Welcome to the Geelong Fishing Location Guide. Geelong is a long stretch of land around the Bellarine peninsula along Port Phillip Bay offering many land-based, boating, and kayaking fishing options. Corio bay surrounds the Geelong area and offers exceptional fishing all year round. There are many scattered piers and jetties making it a great and accessible fishing location. There are many fishing spots to target including Cunningham Pier, Waterfront, St Helen’s ramp & Limeburners point just to name a few. Seasonally it fishes very well for snapper, whiting, and trevally. But generally is an all-year-round fishing destination only 1 hour from Melbourne. There are also some rivers and estuaries within the township.
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Things to do at Geelong
Geelong is a massive township located 70 kilometers away from Melbourne with many shops, parks, piers, restaurants, cafes, and adventures. The town is home to roughly 75,000 residents making it a large township within Victoria. Some of the local attractions include the beautifully maintained Geelong botanic gardens. Which offers amazing landscaped gardens for the whole family to enjoy. If you’re after a bit more excitement then look no further than Geelong adventure park which has world-class rides and waterslides. Including the new Tsunami waterslide. There is also Serendip Sanctuary is not far closer to Lara which offers free access to Australia’s wildlife and gardens. The Geelong waterfront area is a lovely vibrant spot full of piers and great for walking, picnics, and eating. There are also several local breweries, markets, and art exhibitions.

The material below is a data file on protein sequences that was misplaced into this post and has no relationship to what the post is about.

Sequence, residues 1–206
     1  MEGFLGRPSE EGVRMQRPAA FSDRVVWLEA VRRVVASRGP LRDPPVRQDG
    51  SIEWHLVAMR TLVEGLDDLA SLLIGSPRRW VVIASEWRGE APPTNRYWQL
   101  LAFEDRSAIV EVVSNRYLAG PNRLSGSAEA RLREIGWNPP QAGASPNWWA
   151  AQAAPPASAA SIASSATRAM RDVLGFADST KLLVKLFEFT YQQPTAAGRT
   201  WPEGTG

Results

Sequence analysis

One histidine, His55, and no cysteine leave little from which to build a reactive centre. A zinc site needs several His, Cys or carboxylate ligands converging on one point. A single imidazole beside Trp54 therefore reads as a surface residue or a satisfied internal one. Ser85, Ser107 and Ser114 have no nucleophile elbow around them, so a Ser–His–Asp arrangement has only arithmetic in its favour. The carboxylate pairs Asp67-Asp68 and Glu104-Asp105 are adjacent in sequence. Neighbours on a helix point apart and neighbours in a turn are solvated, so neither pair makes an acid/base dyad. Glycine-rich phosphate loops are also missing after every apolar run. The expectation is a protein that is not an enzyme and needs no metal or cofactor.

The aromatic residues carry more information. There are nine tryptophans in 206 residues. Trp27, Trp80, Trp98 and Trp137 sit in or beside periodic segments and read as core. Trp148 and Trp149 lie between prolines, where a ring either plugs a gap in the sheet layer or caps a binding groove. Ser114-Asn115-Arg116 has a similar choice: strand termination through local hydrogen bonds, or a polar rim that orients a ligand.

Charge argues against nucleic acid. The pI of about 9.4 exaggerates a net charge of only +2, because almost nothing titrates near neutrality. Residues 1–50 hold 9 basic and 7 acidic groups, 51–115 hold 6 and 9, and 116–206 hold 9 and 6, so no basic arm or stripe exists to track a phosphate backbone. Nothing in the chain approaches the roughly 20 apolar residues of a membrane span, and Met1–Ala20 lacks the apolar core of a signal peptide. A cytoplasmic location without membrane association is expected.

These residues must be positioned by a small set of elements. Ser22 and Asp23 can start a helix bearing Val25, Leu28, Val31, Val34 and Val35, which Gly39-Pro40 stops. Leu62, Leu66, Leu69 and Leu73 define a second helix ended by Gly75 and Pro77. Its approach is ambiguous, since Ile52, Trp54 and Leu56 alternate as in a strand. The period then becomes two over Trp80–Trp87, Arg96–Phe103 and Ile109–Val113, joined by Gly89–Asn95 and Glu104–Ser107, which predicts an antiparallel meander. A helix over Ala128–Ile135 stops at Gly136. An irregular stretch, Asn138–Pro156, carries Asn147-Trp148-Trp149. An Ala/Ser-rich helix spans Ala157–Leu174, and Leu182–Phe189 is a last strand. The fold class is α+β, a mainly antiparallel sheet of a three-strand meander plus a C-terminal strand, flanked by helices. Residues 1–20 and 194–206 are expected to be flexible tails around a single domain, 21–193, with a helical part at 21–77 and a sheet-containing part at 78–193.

Check out this vid of FishingMad fishing at the Geelong waterfront
Fishing at Geelong
In Geelong, you can target a wide variety of species including
- Snapper ( pinkies )
- Australian Salmon
- King George Whiting
- Snot nose Trevally
- Leather jackets
- Gummy Shark
Geelong is a wonderful fishing destination with a wide variety of species and many locations near town that can be fished. It’s great for land-based fishing, boating, and kayaking. You can fish in the bay, estuaries, and freshwater systems. Geelong has 2 boat ramps located within town giving local anglers amazing boating and kayak access to Corio Bay. One is located at the start of Geelong near St Helens and the other towards the end of town as the main boat ramp. From your boat, you can quickly access deeper waters by fishing along the channels and outer harbor which is a very productive area.
The vast array of land base fishing is also terrific with many piers and jetties including Wangim Walk, Griggen Gully Pier, Cunningham pier, Limeburners jetty, and St Helen’s rock walls which are the most popular location. Click here if you would like to know more about how to catch snapper in Corio Bay Land base fishing around Geelong can be great with baits, soft plastics, and lures. The volume of jetties, piers, rock walls, and stricture to cast out is excellent. Further along the Bellarine Peninsula you also have great fishing at Portarlington, St Leonards, Queenscliff, and Ocean Grove. The video below highlights just how much fun it can be.